Tony La Russa isn't just a manager, he's a selling point.
Alomar already has said he would like to play with Cal Ripken. And one of his agents, Tony Cabral, said Friday that the free-agent second baseman also would like to play for La Russa.
Alomar could not be reached for comment, but he sent word through Cabral that he and La Russa have spoken in the past about the possibility of one day wearing the same uniform.
"He has definitely thought about playing for La Russa," Cabral said. "If the opportunity arose, that would just be one more plus for Baltimore."
One more plus, to go with Ripken, Camden Yards and the chance to play with a contender.
Oh yes, and Peter Angelos' millions.
No longer is such speculation idle talk. Angelos and La Russa met for the first time Friday, at a site believed to be in Chicago.
No details are known, but if La Russa comes to Baltimore, the rest is simple logic.
A star manager attracts star players.
Especially when that manager carries the mystique of La Russa.
We know which players the Orioles wouldn't get -- all the ones La Russa can't stand, namely Jose Canseco, Rickey Henderson and Ruben "Village Idiot" Sierra.
No great losses, any of them.
La Russa would entice players who share his dedication to the game. His pitching coach, Dave Duncan, would be an equally powerful draw for pitchers trying to revive their careers.
If Angelos hasn't already, he should drop his name to La Russa. Indeed, this can work both ways. Just as La Russa would be a selling point for Alomar, Alomar would be a selling point for La Russa.
There's no guarantee the Orioles would get Alomar -- the Los Angeles Dodgers almost certainly will make a strong bid after their dismal postseason showing, and so will other clubs.
Still, the one thing you can never question about Angelos is his commitment to winning. His willingness to spend in this cost-cutting era makes him almost unique.
That's why small-market GMs, such as San Diego's Randy Smith and Montreal's Kevin Malone, appear so eager to work for him, despite his well-earned reputation for meddling.
In February, Malone accused Angelos of "grandstanding" with his refusal to use replacement players, calling him "out of line" and adding, "I think he's on his own agenda."
Eight months later, Malone is going to interview with Angelos.
See? There's hope for everyone in life.
In any case, the trick now is persuading La Russa to come to Baltimore. He easily could wind up in St. Louis, where he would be reunited with GM Walt Jocketty, a former A's executive.
The Cardinals don't have the Orioles' resources, but St. Louis is a great baseball town, and the chance to win a World Series in both leagues might appeal to La Russa's ego.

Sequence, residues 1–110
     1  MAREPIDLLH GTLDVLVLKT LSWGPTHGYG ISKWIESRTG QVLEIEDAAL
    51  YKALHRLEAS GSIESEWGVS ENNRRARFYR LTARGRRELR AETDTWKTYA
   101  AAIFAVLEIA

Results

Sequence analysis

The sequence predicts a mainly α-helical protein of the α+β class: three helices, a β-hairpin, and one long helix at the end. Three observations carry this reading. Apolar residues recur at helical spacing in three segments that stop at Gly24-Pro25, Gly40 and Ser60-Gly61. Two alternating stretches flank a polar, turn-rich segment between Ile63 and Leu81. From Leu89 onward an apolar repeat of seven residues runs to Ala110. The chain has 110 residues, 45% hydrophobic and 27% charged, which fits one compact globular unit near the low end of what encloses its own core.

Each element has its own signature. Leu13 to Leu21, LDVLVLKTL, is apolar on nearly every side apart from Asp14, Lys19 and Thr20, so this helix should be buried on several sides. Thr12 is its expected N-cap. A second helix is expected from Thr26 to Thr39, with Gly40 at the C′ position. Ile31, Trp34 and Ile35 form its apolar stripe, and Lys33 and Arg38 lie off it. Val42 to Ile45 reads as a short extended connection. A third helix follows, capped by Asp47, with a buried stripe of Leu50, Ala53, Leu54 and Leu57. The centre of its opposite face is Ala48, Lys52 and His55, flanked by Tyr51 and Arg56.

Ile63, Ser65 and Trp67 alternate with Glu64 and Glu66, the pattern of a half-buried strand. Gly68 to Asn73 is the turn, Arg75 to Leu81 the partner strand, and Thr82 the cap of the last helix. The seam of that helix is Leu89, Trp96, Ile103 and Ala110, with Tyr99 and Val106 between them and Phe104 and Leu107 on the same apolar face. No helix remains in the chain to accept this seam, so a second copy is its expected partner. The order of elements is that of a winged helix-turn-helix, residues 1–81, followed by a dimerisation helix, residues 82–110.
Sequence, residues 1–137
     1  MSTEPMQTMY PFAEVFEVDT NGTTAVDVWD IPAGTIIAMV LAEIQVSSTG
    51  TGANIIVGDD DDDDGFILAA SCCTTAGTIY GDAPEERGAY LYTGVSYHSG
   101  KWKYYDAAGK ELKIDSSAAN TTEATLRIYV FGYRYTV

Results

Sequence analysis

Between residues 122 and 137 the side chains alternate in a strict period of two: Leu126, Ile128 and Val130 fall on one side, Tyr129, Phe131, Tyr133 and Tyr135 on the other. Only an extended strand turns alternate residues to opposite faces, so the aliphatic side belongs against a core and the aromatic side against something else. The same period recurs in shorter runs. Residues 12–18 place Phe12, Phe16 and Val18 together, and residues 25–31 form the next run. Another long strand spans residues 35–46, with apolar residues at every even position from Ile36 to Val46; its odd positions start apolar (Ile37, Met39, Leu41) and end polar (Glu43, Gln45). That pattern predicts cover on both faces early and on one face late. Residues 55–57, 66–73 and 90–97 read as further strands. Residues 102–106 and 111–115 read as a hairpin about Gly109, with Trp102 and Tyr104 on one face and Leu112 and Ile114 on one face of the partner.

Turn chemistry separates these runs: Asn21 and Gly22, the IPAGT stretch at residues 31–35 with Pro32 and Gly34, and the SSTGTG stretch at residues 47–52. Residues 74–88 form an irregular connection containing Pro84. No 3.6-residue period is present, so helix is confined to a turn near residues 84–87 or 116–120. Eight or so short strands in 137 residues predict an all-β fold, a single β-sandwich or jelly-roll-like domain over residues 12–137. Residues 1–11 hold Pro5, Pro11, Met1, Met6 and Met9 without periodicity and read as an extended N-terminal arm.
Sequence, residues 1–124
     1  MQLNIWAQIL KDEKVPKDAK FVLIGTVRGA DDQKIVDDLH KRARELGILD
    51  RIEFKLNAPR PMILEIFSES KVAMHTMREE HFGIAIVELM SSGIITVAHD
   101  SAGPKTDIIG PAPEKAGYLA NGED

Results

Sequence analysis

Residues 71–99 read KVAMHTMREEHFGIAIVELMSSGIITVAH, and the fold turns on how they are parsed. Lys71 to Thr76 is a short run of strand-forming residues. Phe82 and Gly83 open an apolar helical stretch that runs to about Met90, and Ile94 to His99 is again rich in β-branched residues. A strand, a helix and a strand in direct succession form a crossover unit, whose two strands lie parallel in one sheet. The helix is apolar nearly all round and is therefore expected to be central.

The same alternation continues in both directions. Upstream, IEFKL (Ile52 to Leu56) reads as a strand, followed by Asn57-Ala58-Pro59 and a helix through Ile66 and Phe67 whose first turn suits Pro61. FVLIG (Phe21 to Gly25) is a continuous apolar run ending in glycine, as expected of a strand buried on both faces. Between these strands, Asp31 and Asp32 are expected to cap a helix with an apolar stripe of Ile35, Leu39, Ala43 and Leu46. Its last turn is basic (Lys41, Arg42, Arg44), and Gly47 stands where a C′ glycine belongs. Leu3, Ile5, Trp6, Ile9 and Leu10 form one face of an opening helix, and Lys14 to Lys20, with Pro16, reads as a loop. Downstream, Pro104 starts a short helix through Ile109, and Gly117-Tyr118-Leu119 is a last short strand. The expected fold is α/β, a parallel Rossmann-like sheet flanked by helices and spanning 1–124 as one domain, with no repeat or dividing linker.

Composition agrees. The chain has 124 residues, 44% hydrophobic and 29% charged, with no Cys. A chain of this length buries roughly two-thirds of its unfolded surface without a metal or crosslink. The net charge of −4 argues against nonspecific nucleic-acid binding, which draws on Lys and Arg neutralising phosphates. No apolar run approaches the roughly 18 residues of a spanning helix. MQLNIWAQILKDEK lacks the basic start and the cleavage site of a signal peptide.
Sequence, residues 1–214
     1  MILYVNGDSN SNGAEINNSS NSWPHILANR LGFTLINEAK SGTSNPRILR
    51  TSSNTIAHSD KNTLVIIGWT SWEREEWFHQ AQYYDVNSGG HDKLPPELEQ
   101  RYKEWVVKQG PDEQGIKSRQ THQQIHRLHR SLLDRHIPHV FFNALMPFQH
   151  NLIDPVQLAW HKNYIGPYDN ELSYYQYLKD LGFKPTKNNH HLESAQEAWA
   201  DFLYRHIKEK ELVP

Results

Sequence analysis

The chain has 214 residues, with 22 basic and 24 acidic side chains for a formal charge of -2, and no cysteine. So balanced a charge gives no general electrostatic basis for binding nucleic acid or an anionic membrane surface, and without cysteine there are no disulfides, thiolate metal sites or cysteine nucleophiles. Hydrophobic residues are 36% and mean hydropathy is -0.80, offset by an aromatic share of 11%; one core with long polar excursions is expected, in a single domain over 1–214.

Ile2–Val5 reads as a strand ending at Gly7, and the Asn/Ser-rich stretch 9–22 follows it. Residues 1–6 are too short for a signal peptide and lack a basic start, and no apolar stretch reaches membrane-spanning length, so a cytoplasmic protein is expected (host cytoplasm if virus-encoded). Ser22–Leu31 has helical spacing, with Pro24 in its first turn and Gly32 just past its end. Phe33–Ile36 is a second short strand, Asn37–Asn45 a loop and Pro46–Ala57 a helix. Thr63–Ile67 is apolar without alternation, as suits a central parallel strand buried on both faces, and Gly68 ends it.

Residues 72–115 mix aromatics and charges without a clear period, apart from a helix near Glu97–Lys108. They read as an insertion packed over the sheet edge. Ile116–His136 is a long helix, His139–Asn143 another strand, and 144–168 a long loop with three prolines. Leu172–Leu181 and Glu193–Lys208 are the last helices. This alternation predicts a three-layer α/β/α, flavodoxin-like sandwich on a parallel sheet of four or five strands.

Only one manager has done it -- Sparky Anderson.
So, sell him on Ripken, sell him on Camden Yards, sell him on a $50 million payroll. Yes, the number might go that high next season, if the Orioles are serious about adding Alomar and a slugger like Ron Gant.
Get ready for the $20 million infield -- Rafael Palmeiro, Alomar, Ripken and Bobby Bonilla. Think Malone isn't excited by that prospect? He just quit Montreal because the Expos wouldn't increase their payroll to $18 million.
Angelos' infatuation with big names can be wearisome, but La Russa and Alomar are different, proven winners with an edge. They would transform the Orioles from a soft team into an absolute killer.
The Orioles would still need to add a slugging outfielder and rebuild virtually their entire pitching staff, but it will be a buyers' market, and players will view Baltimore like never before.
Amazing, isn't it? Five years ago, when the Orioles played at Memorial Stadium, they rarely had a chance to sign free agents. Camden Yards changed everything. Camden Yards produced the revenue. Camden Yards provided the allure.
La Russa is intrigued by the nightly sellouts, and so is Alomar. It would turn into a snowball effect. What player wouldn't want La Russa in his dugout? What pitcher wouldn't want Alomar and Ripken behind him?
Think about it -- the Orioles would be far stronger up the middle with Alomar and Ripken as their double-play combination, and Brady Anderson playing center field. Their offense would be significantly better, too.
La Russa would demand input on the club, but that, too, could work to the Orioles' advantage. The new GM could devote himself to restocking the farm system, and both Smith and Malone are experienced in that regard.
La Russa, Alomar, a savvy GM -- it all sounds too good to be true. But the Orioles desperately need to create a winning atmosphere. Now is the time. The game's best and brightest are available.
Start with La Russa.
G; La Russa, then Alomar, and everything else will follow.